Monthly Archives: May 2015

Once Upon a Time

Last weekend, I visited Atlanta with two of my best friends, both former English teachers. Susan and Laura have always been like big sisters to me, giving me great advice throughout our 15 years of conversation. We try to spend one weekend every year together, and no matter where we are, we always end up at a bookstore, where we furiously ask each other who has read what, what we need to read next, and what we should leave on the shelf.

This past weekend was no different. The bookstore was Little Shop of Stories in Decatur, GA. We tore through the place, looking for titles the others had not yet discovered. My older daughter and Laura’s daughters were with us, and it was fun to see them being as active in their competition to suggest the best books as we were. We all left the store with more books to read than time to read them in.

It wasn’t until we returned home to Charlotte, though, that my daughter and I noticed the paper bag that our books were loaded into back in Decatur. The front side was plain enough, light blue with a yellow outline of a book and a chair. But the back, we quickly discovered, was both plain and brilliant.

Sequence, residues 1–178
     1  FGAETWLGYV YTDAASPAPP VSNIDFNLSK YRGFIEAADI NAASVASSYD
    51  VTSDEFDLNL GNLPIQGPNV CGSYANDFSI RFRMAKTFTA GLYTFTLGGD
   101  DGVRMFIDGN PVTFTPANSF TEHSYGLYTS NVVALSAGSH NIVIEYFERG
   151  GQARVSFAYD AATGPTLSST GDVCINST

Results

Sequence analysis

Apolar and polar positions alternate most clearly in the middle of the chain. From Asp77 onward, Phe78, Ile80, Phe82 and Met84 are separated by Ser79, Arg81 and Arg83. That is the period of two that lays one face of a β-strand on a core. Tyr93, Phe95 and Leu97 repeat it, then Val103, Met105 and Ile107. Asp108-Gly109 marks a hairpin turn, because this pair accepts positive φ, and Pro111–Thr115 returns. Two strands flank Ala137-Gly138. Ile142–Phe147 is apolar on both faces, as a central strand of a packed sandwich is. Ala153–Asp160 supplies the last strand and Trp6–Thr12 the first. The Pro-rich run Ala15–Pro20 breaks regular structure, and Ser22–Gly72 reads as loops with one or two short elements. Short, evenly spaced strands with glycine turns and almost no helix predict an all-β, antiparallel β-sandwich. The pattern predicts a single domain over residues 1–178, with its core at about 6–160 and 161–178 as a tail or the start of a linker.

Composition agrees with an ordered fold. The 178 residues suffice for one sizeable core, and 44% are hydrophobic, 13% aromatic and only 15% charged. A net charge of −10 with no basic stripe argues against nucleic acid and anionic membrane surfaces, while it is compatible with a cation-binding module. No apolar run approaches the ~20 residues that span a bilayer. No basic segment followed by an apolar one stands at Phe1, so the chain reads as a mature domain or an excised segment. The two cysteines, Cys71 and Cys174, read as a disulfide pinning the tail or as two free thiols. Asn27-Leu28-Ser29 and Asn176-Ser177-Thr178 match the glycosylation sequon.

“Chapter One,” it began, “Once upon a time, fairy tales were awesome.”

Densely packed type that was easy enough to read covered the bag’s entire backside, listing many of the most famous first lines in the history of literature.

“All happy families are alike; each unhappy family is unhappy in its own way.”

“All this happened, more or less.”

“I am an invisible man.”

“I had the story, bit by bit, from various people, and as generally happens in such cases, each time it was a different story.”

“It was a pleasure to burn.”

“In a hole in the ground there lived a hobbit.”

There are doubtless hundreds of links to lists of “Top Ten Famous First Lines from Literature” being passed along the social media power lines as I write this blog. But seeing these famous lines packed in tight print on the back  of the bag holding our heavy stack of books nearly took my breath away.

Happiness filled my heart — I knew where these lines came from, and so did the person who designed this bag, and so did my friends, and so will our children.